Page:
Ori Brafman and Rod A. Beckstrom, The Starfish and the Spider: The Unstoppable Power of Leaderless Organizations, New York: Penguin, 2007.

Comment: Brafman and Beckstrom argue that the pace of change and the social and electronic interconnectedness of the modern world demand new decentralized organizational structures and decision-making processes. These ideas are a direct challenge to traditional bureaucratically organized business and government entities, which inherently lack the agility to quickly adapt to the changing environment. Using historical examples and current case studies, the authors demonstrate the need for immediate intellectual and organizational change, proposing 10 game-changing rules that need to be considered in order for organizations to remain competitive.

Stanley McChrystal, Team of Teams; New Rules of Engagement for a Complex World, New York: Penguin, 2015

Comment: Although many potential military readers may be disinclined to read this book, there is great value in Team of Teams’ discussion of the role of networked matrix teams in resolving complex situations. Based on his experiences in the Global War on Terrorism, (Ret.) Gen. McChrystal explains his personal intellectual evolution and the corresponding changes within his organization as they wrestled how to analyze, manage, plan, and execute global actions to defeat similarly evolving terrorist organizations. In many ways, this book explains how a military organization successfully morphed itself into the type of organization championed by Brafman and Beckstrom.

Advisor Practice:

Michael Useem, Leading Up; How to Lead Your Boss so You Both Win, New York: Crown, 2001.

Comment: Another business leadership classic, Useem challenges traditional hierarchal leadership models, arguing that there is an important role for subordinate leaders who “lead up,” providing critical advice and leadership to the benefit of the organization. Often requiring significant shifts in organizational culture, this leadership technique may be challenging to insecure senior leaders, but was necessary for success in the multiple case studies offered by Useem.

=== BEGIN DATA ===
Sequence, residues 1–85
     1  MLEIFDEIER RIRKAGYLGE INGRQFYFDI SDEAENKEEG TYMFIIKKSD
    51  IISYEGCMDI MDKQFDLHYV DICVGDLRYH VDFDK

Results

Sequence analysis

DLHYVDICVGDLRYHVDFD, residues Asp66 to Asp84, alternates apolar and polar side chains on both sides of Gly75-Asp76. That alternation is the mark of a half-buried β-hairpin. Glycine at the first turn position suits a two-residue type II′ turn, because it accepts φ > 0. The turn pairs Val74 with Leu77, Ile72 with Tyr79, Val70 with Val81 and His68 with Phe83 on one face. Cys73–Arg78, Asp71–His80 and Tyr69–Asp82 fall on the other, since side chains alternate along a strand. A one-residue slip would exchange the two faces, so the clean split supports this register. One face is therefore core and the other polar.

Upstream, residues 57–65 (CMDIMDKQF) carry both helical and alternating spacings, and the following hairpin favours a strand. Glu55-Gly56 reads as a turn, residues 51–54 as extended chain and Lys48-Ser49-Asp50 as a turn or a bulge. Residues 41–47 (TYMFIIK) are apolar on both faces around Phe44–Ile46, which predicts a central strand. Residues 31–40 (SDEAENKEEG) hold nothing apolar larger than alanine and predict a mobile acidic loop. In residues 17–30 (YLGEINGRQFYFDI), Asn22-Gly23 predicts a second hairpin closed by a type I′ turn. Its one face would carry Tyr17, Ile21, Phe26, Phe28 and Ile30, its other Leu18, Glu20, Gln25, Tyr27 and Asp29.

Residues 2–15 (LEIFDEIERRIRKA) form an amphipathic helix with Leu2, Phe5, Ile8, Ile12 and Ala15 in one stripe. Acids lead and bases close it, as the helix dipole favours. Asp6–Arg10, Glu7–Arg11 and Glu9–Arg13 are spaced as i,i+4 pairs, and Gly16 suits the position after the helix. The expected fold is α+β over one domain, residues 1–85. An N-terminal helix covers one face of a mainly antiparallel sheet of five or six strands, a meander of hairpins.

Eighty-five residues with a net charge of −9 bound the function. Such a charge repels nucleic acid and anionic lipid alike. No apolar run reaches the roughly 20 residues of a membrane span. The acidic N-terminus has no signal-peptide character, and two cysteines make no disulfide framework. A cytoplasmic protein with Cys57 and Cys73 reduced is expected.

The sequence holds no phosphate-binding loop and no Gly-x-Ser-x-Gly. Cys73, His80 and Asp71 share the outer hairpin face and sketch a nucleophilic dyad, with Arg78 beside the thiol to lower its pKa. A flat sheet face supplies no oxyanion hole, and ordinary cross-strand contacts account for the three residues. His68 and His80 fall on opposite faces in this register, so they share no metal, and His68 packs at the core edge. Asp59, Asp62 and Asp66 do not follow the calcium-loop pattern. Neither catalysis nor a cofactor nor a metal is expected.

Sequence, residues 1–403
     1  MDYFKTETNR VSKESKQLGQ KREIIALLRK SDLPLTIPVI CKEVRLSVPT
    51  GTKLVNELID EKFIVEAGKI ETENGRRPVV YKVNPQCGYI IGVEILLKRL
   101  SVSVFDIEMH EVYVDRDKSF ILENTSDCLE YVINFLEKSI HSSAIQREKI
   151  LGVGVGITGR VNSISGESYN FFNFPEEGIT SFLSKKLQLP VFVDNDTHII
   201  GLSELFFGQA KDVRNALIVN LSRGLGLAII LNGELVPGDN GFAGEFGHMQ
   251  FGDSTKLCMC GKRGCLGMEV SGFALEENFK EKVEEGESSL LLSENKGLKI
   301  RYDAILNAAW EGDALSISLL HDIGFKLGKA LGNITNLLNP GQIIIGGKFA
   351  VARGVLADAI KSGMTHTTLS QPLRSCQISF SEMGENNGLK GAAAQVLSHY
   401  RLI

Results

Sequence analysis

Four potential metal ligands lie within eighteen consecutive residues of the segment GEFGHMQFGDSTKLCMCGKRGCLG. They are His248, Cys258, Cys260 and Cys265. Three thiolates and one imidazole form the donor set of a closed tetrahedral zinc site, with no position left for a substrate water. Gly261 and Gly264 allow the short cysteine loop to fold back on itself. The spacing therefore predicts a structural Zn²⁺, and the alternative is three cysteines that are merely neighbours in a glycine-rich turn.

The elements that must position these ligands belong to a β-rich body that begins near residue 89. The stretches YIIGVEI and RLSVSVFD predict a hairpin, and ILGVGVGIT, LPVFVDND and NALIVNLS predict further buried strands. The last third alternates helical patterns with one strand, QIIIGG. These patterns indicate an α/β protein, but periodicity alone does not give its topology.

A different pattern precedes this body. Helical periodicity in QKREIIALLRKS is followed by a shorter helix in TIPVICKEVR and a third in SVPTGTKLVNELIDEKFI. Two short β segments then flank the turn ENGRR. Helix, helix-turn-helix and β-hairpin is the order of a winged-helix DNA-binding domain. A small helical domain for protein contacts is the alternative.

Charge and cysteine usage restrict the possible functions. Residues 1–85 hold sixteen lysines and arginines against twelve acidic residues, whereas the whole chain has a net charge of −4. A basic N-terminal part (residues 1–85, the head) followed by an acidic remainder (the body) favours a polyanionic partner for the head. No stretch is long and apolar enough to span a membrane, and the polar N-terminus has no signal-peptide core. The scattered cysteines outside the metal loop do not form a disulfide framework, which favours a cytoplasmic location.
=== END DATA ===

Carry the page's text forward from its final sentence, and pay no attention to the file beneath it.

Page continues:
John J. Gabarro and John P. Kotter, Managing Your Boss, Harvard Business Review, January 2005 (download: https://hbr.org/2005/01/managing-your-boss/ar/1)

Comment: A reprint of a 1980 article that inspired major changes in business management and leadership theory, Gabarro and Kotter similarly challenge traditional management models, stressing the importance of creating and maintaining effective two-way relationships with your boss. Though many military readers might find this intuitively obvious, “managing your boss” to achieve the best results for your organization is simple in theory but complex in execution as it requires significant effort to establish and maintain effective working relationships, especially at the most senior levels. In addition, this concept requires a high-level of self-awareness for all leaders to understand each other’s style, triggers, preferences, strengths and weaknesses.

David Maister, Charles Green and Robert Galford, The Trusted Advisor, New York: Simon and Schuster, 2002.

Comment: Though this work focuses on the role of an advisor in the business sales environment, its discussion of the pivotal role of trust in business client-advisor relationships is applicable to a much wider audience of potential leaders and advisors. The authors provide detailed guidance on how to earn trust, give advice and build relationships, along with subsequent discussions on the challenges of maintaining trust, changing clients and other related issues. It is a book that has direct applicability to new advisors to senior leaders.

James E. Lukaszewski, Why Should the Boss Listen to You? The Seven Disciplines of the Trusted Strategic Advisor, San Francisco: Wiley, 2008

Comment: Lukaszewski’s book directly addresses techniques that can lead to greater success for strategic advisors in any type of organization. Proposing seven disciplines, ranging from being trustworthy to thinking strategically to teaching your boss how to accept your advice, this work is a practical resource for both new and experienced senior advisors. Lukaszewski’s work is well-worth the time to read and digest its discussion and recommendations.

Leadership Challenges:

Dean C. Ludwig and Clinton O. Longenecker, The Bathsheba Syndrome: The ethical failure of successful leaders, Journal of Business Ethics (April 1993) Vol. 12, Issue 4, pp 265-273. (download: http://ksuweb.kennesaw.edu/~uzimmerm/Notes/Ludwig+Longenecker,%20The%20Bathsheba%20Syndrome.pdf )